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It’s been a year, and NC pastor is still imprisoned in Turkey

Turkey’s President Recep Tayyip Erdogan tries traditional Ukrainian bread after arriving in Kiev for an official visit on Monday. Turkish officials say Turkey is asking the United States to reverse its decision to suspend non-immigrant visa services at its diplomatic facilities, following the arrest of a consulate employee, saying both countries' citizens suffer from the move. Meanwhile, the bipartisan U.S. Commission on International Religious Freedom called on Turkey to release N.C. Christian pastor Andrew Brunson on the one-year anniversary of his detainment.
Turkey’s President Recep Tayyip Erdogan tries traditional Ukrainian bread after arriving in Kiev for an official visit on Monday. Turkish officials say Turkey is asking the United States to reverse its decision to suspend non-immigrant visa services at its diplomatic facilities, following the arrest of a consulate employee, saying both countries' citizens suffer from the move. Meanwhile, the bipartisan U.S. Commission on International Religious Freedom called on Turkey to release N.C. Christian pastor Andrew Brunson on the one-year anniversary of his detainment. AP

On the one-year anniversary of Andrew Brunson’s imprisonment, a bipartisan U.S. commission on religious freedom criticized Turkey for detaining the North Carolina Christian pastor and pushed for his immediate release.

“The government of Turkey has fabricated charges against Pastor Brunson, largely based on purported ‘secret testimony,’ ” Kristina Arriaga, vice chairwoman of the U.S. Commission on International Religious Freedom, said in a statement Saturday after visiting Brunson in Kiriklar Prison in Izmir, Turkey. “He should be released immediately.”

Brunson is confined 24 hours a day to a cell with two other men, according to the commission. Suffering from “sustained stress” since his detainment, Brunson has lost more than 50 pounds, according to the statement.

Pastor Andrew Brunson
Andrew Brunson U.S. Commission on International Religious Freedom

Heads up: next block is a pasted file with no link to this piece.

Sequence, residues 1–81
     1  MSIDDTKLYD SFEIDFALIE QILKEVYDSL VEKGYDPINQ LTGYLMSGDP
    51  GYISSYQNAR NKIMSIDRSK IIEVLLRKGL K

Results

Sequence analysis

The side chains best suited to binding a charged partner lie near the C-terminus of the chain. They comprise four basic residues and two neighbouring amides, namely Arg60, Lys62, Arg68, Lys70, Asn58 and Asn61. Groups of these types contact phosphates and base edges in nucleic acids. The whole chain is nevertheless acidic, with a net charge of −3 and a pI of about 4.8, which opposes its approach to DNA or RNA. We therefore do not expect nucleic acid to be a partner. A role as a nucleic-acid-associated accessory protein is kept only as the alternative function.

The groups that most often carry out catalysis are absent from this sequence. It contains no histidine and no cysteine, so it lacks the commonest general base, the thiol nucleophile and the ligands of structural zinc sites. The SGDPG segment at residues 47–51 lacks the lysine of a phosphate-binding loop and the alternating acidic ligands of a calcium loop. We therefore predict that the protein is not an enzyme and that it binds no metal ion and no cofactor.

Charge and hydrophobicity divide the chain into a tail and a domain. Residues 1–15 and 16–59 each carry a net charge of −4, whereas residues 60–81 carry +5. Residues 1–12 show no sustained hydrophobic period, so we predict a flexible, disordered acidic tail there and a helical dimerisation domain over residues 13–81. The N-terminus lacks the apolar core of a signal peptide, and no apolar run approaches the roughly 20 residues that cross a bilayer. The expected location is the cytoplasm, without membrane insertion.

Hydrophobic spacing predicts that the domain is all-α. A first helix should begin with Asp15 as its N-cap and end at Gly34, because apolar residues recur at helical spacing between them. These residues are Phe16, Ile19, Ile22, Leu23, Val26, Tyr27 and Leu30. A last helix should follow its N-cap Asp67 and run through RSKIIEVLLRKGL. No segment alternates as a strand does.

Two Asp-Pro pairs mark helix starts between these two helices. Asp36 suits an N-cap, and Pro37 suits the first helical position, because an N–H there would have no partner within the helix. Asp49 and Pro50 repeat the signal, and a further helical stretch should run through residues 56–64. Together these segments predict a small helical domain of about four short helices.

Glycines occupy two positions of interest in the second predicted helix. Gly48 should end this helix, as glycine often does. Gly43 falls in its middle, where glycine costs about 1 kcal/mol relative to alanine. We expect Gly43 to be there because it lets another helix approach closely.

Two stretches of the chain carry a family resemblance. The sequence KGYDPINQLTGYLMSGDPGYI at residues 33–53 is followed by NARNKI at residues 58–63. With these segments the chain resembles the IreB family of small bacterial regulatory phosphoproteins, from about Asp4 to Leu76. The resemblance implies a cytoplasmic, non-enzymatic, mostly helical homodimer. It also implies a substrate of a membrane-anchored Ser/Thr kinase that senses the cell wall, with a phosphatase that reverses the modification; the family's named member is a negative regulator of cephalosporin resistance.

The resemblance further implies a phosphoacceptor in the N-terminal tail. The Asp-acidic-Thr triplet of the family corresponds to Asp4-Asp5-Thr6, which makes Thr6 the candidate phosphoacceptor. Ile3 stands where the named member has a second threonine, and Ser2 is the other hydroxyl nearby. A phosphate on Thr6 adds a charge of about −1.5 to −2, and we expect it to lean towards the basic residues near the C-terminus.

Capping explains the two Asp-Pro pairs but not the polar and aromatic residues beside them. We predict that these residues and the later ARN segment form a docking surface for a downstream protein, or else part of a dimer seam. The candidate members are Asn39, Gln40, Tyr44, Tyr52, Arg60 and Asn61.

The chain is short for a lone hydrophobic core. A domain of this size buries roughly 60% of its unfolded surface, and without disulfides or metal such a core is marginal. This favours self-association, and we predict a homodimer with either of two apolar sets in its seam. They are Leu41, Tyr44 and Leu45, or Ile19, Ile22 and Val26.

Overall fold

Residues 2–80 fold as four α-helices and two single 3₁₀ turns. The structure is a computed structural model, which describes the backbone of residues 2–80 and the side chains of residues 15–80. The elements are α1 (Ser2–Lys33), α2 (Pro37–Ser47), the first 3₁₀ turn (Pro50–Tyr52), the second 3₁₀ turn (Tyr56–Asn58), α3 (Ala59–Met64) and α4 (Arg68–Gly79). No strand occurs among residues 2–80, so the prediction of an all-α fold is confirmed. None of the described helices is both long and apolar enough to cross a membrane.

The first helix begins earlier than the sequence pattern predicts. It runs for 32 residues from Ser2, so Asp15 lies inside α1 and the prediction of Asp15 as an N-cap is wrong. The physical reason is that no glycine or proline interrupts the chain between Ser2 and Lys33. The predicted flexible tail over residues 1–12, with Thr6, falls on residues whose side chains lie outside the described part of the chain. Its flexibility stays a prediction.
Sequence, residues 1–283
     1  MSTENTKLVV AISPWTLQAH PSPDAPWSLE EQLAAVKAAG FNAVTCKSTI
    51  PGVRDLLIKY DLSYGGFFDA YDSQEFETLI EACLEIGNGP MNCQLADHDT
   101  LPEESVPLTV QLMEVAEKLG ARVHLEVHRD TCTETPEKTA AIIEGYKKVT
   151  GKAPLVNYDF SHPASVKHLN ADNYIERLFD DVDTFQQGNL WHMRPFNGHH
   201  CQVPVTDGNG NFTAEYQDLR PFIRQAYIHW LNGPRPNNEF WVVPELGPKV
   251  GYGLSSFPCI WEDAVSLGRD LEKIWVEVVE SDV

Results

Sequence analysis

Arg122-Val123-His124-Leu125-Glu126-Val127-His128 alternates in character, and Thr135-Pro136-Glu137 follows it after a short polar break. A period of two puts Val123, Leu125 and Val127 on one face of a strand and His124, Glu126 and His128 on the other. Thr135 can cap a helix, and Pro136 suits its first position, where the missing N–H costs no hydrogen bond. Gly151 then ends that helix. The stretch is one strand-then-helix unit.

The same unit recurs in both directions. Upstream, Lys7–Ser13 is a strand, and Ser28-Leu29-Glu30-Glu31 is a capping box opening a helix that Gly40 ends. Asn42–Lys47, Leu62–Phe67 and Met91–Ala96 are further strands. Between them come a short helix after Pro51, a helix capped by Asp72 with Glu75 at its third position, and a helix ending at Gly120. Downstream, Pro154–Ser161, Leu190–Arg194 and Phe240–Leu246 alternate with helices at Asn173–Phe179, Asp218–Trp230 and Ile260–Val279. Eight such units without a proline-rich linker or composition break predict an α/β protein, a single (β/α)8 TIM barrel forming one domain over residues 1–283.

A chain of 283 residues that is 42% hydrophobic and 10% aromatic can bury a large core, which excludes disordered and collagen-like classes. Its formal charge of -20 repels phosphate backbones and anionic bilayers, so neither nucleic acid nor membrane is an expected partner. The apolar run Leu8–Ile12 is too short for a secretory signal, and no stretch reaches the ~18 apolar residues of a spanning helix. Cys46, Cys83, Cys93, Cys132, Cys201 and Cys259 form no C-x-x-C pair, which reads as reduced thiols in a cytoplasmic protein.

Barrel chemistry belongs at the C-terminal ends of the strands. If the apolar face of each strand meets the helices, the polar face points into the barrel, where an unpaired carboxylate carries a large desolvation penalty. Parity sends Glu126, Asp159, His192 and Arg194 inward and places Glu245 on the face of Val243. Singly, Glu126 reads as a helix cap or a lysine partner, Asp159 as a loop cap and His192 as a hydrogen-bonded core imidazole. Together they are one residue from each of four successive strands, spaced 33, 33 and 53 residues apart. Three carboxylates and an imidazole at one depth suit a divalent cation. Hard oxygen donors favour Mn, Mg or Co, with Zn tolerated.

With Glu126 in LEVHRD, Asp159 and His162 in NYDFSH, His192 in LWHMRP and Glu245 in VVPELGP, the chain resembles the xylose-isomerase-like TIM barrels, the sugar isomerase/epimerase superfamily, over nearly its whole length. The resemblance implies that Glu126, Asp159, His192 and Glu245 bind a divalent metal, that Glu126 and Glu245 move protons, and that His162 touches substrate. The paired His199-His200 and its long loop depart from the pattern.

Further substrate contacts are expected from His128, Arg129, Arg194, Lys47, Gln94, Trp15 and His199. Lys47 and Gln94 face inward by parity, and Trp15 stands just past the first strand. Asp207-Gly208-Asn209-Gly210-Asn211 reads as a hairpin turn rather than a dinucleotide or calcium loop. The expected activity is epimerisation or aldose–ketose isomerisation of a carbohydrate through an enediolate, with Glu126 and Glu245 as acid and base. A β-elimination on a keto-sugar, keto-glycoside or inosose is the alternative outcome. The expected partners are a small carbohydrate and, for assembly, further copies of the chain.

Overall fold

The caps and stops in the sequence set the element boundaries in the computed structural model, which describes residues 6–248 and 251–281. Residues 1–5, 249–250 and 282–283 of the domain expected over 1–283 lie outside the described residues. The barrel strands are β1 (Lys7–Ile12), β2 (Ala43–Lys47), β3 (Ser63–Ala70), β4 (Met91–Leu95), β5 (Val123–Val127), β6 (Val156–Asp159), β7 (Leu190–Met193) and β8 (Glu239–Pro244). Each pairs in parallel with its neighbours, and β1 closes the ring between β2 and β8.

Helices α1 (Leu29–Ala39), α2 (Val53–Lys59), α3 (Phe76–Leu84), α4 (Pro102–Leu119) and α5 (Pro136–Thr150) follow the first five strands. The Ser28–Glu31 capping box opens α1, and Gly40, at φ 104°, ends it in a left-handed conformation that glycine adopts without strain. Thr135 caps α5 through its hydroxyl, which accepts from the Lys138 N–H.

Brunson is from Black Mountain and has ministered to Christians in Turkey for 23 years.

Turkey accuses the pastor of trying to overthrow its government and constitution, charges Brunson said “are completely false,” the commission’s release states. If convicted, he could be sentenced to life in prison.

Arriaga visited Brunson with Sandra Jolley, also a vice chairwoman of the commission. Since Brunson’s imprisonment, only his lawyer, relatives and U.S. embassy officials had been able to see him.

“He lives in a world of psychic and physical dislocation,” Jolley said in the statement. “Despite a public veneer of a legal process, the truth is Pastor Brunson has had no due process, no true information about the charges against him, unreliable court dates, and no idea when he ever again will see his children or his country.”

During the visit, Brunson thanked “everyone who is advocating and praying for me,” according to the commission’s statement. “Knowing that I am not forgotten is important to me.”

Brunson was initially confined to a cell meant to accommodate eight men but was instead crowded with 21 prisoners, according to the commission. He was later moved to Kiriklar Prison.

Turkey’s President Recep Erdogan said recently that he would consider swapping Brunson for a cleric who is blamed for a 2016 coup attempt, multiple national media outlets reported. Turkey blames Gülen, a Pennsylvania-based cleric, for a July 2016 coup attempt. Gulen denies involvement, according to the Journal.

President Donald Trump’s administration has cast doubt on Erdogan’s offer, The Wall Street Journal reported. A State Department spokeswoman said the U.S. continues to evaluate Turkey’s request to extradite cleric Fethullah Gülen and that the U.S. believes Brunson was wrongly imprisoned, according to the report.

Joe Marusak: 704-358-5067, @jmarusak

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